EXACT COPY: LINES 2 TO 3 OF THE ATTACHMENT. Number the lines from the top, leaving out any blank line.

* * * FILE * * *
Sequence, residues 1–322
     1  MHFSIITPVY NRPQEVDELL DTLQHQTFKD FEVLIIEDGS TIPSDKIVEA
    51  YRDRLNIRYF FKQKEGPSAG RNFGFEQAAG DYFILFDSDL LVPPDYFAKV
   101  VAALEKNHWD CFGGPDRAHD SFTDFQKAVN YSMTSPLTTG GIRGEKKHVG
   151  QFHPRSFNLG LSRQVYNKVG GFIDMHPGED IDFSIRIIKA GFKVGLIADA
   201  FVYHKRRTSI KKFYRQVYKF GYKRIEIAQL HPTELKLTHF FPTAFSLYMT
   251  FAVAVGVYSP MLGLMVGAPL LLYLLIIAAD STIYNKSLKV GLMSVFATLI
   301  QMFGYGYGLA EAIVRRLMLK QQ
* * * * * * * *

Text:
     1  MHFSIITPVY NRPQEVDELL DTLQHQTFKD FEVLIIEDGS TIPSDKIVEA
    51  YRDRLNIRYF FKQKEGPSAG RNFGFEQAAG DYFILFDSDL LVPPDYFAKV